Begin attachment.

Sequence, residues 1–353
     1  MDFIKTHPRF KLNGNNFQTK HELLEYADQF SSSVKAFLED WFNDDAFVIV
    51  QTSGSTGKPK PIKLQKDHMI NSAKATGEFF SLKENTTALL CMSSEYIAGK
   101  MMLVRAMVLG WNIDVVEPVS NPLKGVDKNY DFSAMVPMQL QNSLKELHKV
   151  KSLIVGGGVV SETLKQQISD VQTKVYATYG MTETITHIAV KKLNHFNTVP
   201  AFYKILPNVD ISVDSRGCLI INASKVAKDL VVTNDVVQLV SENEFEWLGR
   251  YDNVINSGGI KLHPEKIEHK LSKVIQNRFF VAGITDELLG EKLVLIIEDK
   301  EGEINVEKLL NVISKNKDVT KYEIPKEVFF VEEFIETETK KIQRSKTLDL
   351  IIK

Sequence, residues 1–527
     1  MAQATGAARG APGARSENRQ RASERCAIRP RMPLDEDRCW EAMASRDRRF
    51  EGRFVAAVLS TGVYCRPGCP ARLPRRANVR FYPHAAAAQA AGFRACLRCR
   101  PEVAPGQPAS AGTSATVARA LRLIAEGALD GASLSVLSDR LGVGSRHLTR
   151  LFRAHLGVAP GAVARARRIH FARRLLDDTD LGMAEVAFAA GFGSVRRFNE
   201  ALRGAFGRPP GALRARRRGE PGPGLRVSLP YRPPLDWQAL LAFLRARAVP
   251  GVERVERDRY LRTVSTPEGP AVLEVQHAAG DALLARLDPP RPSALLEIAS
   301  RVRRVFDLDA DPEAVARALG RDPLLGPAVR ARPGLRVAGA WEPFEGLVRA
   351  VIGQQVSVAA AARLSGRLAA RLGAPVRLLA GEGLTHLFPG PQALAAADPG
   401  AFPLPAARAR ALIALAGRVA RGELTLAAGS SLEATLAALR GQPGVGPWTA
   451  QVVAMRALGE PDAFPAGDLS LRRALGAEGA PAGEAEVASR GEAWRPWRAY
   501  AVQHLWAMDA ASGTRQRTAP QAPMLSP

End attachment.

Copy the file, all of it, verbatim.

Sequence, residues 1–353
     1  MDFIKTHPRF KLNGNNFQTK HELLEYADQF SSSVKAFLED WFNDDAFVIV
    51  QTSGSTGKPK PIKLQKDHMI NSAKATGEFF SLKENTTALL CMSSEYIAGK
   101  MMLVRAMVLG WNIDVVEPVS NPLKGVDKNY DFSAMVPMQL QNSLKELHKV
   151  KSLIVGGGVV SETLKQQISD VQTKVYATYG MTETITHIAV KKLNHFNTVP
   201  AFYKILPNVD ISVDSRGCLI INASKVAKDL VVTNDVVQLV SENEFEWLGR
   251  YDNVINSGGI KLHPEKIEHK LSKVIQNRFF VAGITDELLG EKLVLIIEDK
   301  EGEINVEKLL NVISKNKDVT KYEIPKEVFF VEEFIETETK KIQRSKTLDL
   351  IIK

Sequence, residues 1–527
     1  MAQATGAARG APGARSENRQ RASERCAIRP RMPLDEDRCW EAMASRDRRF
    51  EGRFVAAVLS TGVYCRPGCP ARLPRRANVR FYPHAAAAQA AGFRACLRCR
   101  PEVAPGQPAS AGTSATVARA LRLIAEGALD GASLSVLSDR LGVGSRHLTR
   151  LFRAHLGVAP GAVARARRIH FARRLLDDTD LGMAEVAFAA GFGSVRRFNE
   201  ALRGAFGRPP GALRARRRGE PGPGLRVSLP YRPPLDWQAL LAFLRARAVP
   251  GVERVERDRY LRTVSTPEGP AVLEVQHAAG DALLARLDPP RPSALLEIAS
   301  RVRRVFDLDA DPEAVARALG RDPLLGPAVR ARPGLRVAGA WEPFEGLVRA
   351  VIGQQVSVAA AARLSGRLAA RLGAPVRLLA GEGLTHLFPG PQALAAADPG
   401  AFPLPAARAR ALIALAGRVA RGELTLAAGS SLEATLAALR GQPGVGPWTA
   451  QVVAMRALGE PDAFPAGDLS LRRALGAEGA PAGEAEVASR GEAWRPWRAY
   501  AVQHLWAMDA ASGTRQRTAP QAPMLSP